Client Login
Contact Us
Call Us
Locations

How Do Presidential Elections Impact The Stock Market?

If there was one word for 2020, it very well might be “uncertainty” — rarely a positive noun in the investment world.  Global pandemic aside, a presidential election is traditionally a time for some uncertainty among investors to the degree they believe a president’s party or policies can shift the market.

However, data suggests that degree of influence an election result has on the market is not always so clear. There have been 17 presidential elections since 1950, and each comes with unique variables that may impact market performance.  Collecting and organizing the data from these elections is made easier using YCharts, a leading research firm for financial advisors based in Chicago, IL. “YCharts allows Ballast Advisors to collect historical data, like election data, export it to an Excel spreadsheet for analysis and detecting trends, and present it in a way that is easy to digest for clients,” says Steve Schmidt, a partner at Ballast Advisors.  Schmidt makes it clear that the data and graphs from YCharts are meant to provide context, not as investment advice. Past performance should never be used to indicate future results.

“We often hear from our clients during an election cycle,” says Schmidt. “They often have concerns about the impact of an election on their financial plans.”  While every investor is different, Steve Schmidt and the professionals at Ballast Advisors have taken the time to answer three common questions heard from investors during this election

How differently do markets perform when a Democrat or Republican candidate is leading in major polls?

According to trends observed in the data from YCharts, when presidential candidates are “tied” in polling, the S&P 500 daily and cumulative returns are negative. On average, the trends in the YCharts data reveals the market tends to favor a Republican candidate leading the major polls.

“Keep in mind, leads in political polls often vary depending on the source of the poll,” said Schmidt, “polls are not an exact science, and may also have inherit bias depending on the targeted participants of the poll.”

S&P 500 Performance By Party Leading Polls

Two strong examples of this pattern: S&P 500 percent change under poll leaders in the 1988 and 2000 U.S. Presidential elections. See disclosures below.

Does the market react differently when a Republican or Democrat candidate is elected?

Although, historically the market may initially react favorably to a Republican candidate because of the belief that their policies are more “Business friendly” and therefore more stock-market favorable versus Democrat candidates. However, data demonstrates that once a president takes office, in the long run the market has performed better under Democratic presidents on average.

“Today’s economic conditions and thus, market performance, is often a cumulative effect that can be a decade in the making,” Schmidt says. “Today’s economy often stems from the work of both current and previous administrations combined.”

How have other major asset classes performed under recent presidents?

According to YChart data, U.S. and Emerging Market Equities have been among the best performing major asset classes since Bill Clinton’s 1993 inauguration. In the last 30 years under four different presidents, U.S. and International Equities handily outperformed under Democrats, and Emerging markets have slightly outperformed under the Republican presidents (Performance through Set 14, 2020 for Donald Trump).

“At the end of the day,” Schmidt reminds us, “markets fluctuate for a host of reasons, many of which are misunderstood by seasoned investors.  The best laid investment plan is to stay diversified.”

Summary – What does this mean for you?

What does this mean overall? If you’re basing your investment decisions on what party is or isn’t elected during presidential elections, you’re likely hurting your portfolio more than helping it. The person occupying the White House is  just one of many variables that impact investment values. For example, the Dot.com burst in 2001, and the financial crisis in 2008 greatly impacted the markets beyond the control of Presidents Bush and President Obama.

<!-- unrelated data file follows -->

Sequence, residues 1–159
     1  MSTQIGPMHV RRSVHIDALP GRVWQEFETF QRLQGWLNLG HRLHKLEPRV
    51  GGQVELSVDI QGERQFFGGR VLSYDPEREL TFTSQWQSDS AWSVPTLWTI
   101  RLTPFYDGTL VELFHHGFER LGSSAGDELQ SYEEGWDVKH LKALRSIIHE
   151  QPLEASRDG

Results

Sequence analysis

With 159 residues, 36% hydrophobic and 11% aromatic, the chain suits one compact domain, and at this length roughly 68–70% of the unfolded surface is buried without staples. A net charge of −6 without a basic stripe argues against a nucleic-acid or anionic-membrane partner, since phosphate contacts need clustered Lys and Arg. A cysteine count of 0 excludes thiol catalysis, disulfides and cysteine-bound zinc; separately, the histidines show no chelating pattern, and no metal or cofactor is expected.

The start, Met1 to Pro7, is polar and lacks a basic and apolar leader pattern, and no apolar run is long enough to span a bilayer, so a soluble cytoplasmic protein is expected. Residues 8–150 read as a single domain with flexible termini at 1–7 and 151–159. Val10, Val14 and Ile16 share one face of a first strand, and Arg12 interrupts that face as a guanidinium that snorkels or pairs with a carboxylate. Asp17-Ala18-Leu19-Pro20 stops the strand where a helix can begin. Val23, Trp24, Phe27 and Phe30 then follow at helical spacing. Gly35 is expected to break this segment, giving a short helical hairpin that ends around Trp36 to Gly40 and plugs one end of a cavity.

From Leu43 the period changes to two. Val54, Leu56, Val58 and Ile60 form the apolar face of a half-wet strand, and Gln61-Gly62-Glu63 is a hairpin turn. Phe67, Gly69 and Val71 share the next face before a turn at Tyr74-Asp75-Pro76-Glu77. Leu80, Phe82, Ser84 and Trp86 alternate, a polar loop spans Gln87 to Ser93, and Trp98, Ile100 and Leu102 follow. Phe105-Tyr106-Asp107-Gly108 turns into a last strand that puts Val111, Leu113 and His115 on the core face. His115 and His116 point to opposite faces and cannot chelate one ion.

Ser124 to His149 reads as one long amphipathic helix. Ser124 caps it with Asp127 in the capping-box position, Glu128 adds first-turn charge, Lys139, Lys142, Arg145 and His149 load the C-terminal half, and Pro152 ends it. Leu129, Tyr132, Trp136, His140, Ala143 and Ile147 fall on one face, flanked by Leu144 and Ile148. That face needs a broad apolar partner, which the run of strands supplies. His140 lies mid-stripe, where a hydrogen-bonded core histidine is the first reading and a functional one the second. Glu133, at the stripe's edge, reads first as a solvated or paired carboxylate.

“At Ballast Advisors, we recommend in the face of uncertainty clients ‘stay invested,’ because almost without exception we’ve accounted for money needed in the near-term,” Schmidt reminds us.  Prominent investor Peter Lynch once said, “Far more money has been lost by investors preparing for corrections, or trying to anticipate corrections, than has been lost in corrections themselves.”  According the chart below, the S&P500 has consistently grown in value, no matter who is in office.

Rather than invest in stocks under only a Republican or Democratic president, stay invested in stocks for the long-term under all presidents. 

Data & Disclaimers

The opinions expressed herein are those of Ballast Advisors, LLC and are subject to change without notice. The third-party material presented is derived from sources Ballast Advisors consider to be reliable, but the accuracy and completeness cannot be guaranteed. Ballast Advisors, LLC is a registered investment advisor under the Investment Advisers Act of 1940, as amended. Registration does not imply a certain level of skill or training. Past performance is no guarantee of future results. All investing involves some degree of risk. Nothing contained herein is an offer to buy or sell a security, investment strategy or product. More information about the firm, including its services, strategies, and fees can be found in our ADV Part 2, which is available without charge upon request.

Historical market performance for the S&P 500 and other asset classes accessed via https://go.ycharts.com/hubfs/Guide_to_How_Presidential_Elections_Impact_the_Stock_Market.pdf

Presidential term dates can be found https://en.wikipedia.org/wiki/List_of_presidents_of_the_United_States

 Polling sources: 1952-2012 elections: Gallup; 2016-2020 elections: Marist College, Monmouth University, Siena College/The New York Times Upshot, ABC News/The Washington Post ( A+ rated pollsters FiveThirtyEight). How this polling data works: https://projects.fivethirtyeight.com/pollster-ratings/ How this polling data works: Pollster data sourced from FiveThirty Eight and is good through May 19, 2020. FiveThirtyEight’s pollster ratings are calculated by analyzing the historical accuracy of each firm’s polls along with its methodology. Accuracy scores are adjusted for the type of election polled, the poll’s sample size, the performance of other polls surveying the same race, and other factors. FiveThirtyEight also calculates measures of statistical bias in the polls.

Data was aggregated by YCharts with the end-date of each poll’s collection period serving as the charted poll date.